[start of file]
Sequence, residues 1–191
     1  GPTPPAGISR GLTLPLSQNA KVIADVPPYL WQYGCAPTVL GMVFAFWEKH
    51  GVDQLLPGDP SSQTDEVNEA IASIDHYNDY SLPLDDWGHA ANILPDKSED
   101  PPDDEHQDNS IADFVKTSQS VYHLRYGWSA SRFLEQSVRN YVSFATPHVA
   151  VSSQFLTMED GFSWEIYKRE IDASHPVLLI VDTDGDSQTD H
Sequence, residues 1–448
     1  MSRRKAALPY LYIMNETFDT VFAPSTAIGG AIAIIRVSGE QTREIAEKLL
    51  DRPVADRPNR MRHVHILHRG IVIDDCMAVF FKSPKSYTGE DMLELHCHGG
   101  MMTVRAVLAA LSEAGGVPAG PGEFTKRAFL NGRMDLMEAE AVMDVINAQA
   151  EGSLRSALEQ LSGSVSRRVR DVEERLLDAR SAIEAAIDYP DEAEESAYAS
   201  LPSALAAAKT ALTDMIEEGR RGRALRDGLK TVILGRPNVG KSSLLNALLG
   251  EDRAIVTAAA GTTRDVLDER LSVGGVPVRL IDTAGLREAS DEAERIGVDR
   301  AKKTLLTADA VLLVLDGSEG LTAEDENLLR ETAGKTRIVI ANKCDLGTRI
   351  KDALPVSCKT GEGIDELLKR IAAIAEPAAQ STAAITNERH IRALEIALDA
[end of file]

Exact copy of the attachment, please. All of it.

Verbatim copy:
Sequence, residues 1–191
     1  GPTPPAGISR GLTLPLSQNA KVIADVPPYL WQYGCAPTVL GMVFAFWEKH
    51  GVDQLLPGDP SSQTDEVNEA IASIDHYNDY SLPLDDWGHA ANILPDKSED
   101  PPDDEHQDNS IADFVKTSQS VYHLRYGWSA SRFLEQSVRN YVSFATPHVA
   151  VSSQFLTMED GFSWEIYKRE IDASHPVLLI VDTDGDSQTD H
Sequence, residues 1–448
     1  MSRRKAALPY LYIMNETFDT VFAPSTAIGG AIAIIRVSGE QTREIAEKLL
    51  DRPVADRPNR MRHVHILHRG IVIDDCMAVF FKSPKSYTGE DMLELHCHGG
   101  MMTVRAVLAA LSEAGGVPAG PGEFTKRAFL NGRMDLMEAE AVMDVINAQA
   151  EGSLRSALEQ LSGSVSRRVR DVEERLLDAR SAIEAAIDYP DEAEESAYAS
   201  LPSALAAAKT ALTDMIEEGR RGRALRDGLK TVILGRPNVG KSSLLNALLG
   251  EDRAIVTAAA GTTRDVLDER LSVGGVPVRL IDTAGLREAS DEAERIGVDR
   301  AKKTLLTADA VLLVLDGSEG LTAEDENLLR ETAGKTRIVI ANKCDLGTRI
   351  KDALPVSCKT GEGIDELLKR IAAIAEPAAQ STAAITNERH IRALEIALDA